Ise yarar bir sey‘ by Turkish director is a combination of art and road movies quite different from the other films (not too many, unfortunately) that I have seen coming from Turkey. If I am to compare her style with a cinematographic school that I know better, I would pick the Romanian ‘minimalist’ cinema of the last 10-15 years. ‘s focus is very much on the details of everyday life, her actors are all very well selected and directed and the insight to their psychologies and motivations is deep and sympathetic. The overall vision does not avoid symbolism, as well as a critical but not necessarily direct approach to reality.

 

source http://www.imdb.com/title/tt6214084

source http://www.imdb.com/title/tt6214084

 

The heroes of the film are two women belonging to two different generations, who meet in a railway station before taking together the train on an overnight trip to a remote city on the seashore. The elder one is in her 40s, she seems confident and cultivated, and likes to observe life and other people with an empathetic look. She declares to be a lawyer, and we later understand that she is also a poet, a detail that we discover gradually and which plays an important role in the story. The younger one is in her 20s, she is a nurse who dreams to become an actress, vulnerable and under stress because her trip has an unusual goal – helping a friend of a friend to die. Somehow obliged at the beginning by the closed enclosure of the traveling train (where more than half of the action takes place), the two women forge a dialog that helps them know each other and us understanding piece by piece who they are. At the end of the train trip the poet joins the younger woman in her deadly mission. Is this by curiosity? Maybe to understand what makes a man want to die? Or rather to avoid his death and the potential torment that the young woman would go through if she performed the deed – forbidden by conventional moral and by laws?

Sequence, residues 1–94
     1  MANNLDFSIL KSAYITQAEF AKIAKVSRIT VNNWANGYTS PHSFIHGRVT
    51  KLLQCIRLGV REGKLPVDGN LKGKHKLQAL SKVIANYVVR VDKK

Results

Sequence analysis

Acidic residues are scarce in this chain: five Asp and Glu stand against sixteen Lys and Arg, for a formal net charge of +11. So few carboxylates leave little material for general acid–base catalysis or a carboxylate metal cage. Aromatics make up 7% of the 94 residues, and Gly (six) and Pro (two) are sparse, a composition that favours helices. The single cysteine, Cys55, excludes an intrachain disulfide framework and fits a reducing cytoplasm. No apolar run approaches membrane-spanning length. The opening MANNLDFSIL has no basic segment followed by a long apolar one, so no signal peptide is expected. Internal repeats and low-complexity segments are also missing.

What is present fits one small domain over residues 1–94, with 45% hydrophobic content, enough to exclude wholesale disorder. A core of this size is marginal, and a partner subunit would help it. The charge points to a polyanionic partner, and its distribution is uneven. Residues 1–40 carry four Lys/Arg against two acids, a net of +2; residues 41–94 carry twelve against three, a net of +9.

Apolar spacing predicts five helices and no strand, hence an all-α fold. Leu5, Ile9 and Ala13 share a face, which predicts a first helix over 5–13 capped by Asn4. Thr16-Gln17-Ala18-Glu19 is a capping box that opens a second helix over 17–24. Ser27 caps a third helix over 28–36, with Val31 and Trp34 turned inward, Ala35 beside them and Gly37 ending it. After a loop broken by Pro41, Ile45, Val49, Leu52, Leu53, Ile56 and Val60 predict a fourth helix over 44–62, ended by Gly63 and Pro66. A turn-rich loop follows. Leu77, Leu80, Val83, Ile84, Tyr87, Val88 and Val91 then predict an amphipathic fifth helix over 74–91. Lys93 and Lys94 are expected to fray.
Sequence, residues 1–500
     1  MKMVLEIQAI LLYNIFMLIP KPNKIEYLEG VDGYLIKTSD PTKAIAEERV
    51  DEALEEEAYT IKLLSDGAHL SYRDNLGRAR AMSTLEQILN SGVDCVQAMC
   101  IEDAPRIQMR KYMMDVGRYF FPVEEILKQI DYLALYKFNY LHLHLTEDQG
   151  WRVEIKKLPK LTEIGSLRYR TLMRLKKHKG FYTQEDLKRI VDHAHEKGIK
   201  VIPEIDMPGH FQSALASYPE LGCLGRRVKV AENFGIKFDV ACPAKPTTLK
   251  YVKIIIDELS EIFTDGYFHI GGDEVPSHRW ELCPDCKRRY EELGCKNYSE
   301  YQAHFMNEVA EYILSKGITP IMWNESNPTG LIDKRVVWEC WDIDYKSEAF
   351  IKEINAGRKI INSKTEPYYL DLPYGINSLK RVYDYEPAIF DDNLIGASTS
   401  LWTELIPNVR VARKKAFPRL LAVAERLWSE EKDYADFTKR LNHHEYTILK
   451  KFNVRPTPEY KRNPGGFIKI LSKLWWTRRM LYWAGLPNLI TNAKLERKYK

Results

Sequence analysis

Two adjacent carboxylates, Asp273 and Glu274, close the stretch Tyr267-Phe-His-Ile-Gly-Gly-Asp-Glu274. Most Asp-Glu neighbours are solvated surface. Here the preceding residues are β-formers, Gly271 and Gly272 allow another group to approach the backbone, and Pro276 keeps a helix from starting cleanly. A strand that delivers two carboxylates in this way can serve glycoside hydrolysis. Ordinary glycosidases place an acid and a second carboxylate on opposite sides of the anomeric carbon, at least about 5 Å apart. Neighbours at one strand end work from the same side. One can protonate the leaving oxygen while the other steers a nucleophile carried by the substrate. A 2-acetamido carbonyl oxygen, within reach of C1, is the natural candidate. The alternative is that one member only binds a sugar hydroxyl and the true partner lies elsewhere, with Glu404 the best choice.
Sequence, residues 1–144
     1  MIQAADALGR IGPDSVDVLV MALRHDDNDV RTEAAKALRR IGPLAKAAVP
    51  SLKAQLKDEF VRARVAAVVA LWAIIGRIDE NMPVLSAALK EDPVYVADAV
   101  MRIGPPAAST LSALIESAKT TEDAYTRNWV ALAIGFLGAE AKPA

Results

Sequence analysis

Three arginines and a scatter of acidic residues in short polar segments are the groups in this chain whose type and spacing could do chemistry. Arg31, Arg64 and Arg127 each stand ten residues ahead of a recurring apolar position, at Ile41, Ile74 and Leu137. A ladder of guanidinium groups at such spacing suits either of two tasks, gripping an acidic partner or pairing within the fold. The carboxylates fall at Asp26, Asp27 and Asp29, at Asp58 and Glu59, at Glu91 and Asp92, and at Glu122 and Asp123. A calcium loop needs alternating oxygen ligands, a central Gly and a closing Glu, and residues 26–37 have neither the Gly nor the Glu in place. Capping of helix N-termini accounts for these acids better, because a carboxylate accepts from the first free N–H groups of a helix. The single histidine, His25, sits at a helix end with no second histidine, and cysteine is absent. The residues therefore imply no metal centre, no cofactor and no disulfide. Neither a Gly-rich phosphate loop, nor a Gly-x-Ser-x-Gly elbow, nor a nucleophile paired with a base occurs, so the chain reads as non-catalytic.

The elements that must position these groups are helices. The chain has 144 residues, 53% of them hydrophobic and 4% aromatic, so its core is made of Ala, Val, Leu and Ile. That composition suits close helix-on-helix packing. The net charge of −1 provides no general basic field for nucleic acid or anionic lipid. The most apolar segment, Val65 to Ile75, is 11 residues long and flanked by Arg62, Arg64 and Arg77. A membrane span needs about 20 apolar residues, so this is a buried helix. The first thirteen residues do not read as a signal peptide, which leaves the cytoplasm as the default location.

(video source Binbir Dizi)

 

I liked the film, but I should warn other that this is not easy stuff. has a sure hand as film director, the cinematography is beautiful, the acting is excellent. There is a lot of quality of the poetic kind in this movie, but it is slow developing, it asks to be discovered, and some of the best stuff comes by the end, and is buried in characters development, in off-screen or loudly read text including some poetry, with situations that are interesting on the psychological plan, but far from spectacular. One scene, the 25 years reunion of the high school colleagues that the elder woman attends (that was the initial goal of her trip) offers a one shot very sharp view through the middle class of the Turkish society, and this is the one that reminded me similar scenes in two Romanian movies. It’s beautiful and interesting, but somehow detached from the rest of the film. There is also no decisive conclusion to the story, the message seems to be about life and death being part of the same unique universe, but this is left to the viewers to reach. It may also say that beauty is in the details of life as observed by the principal character, but it may not be worth clinging to it at any price.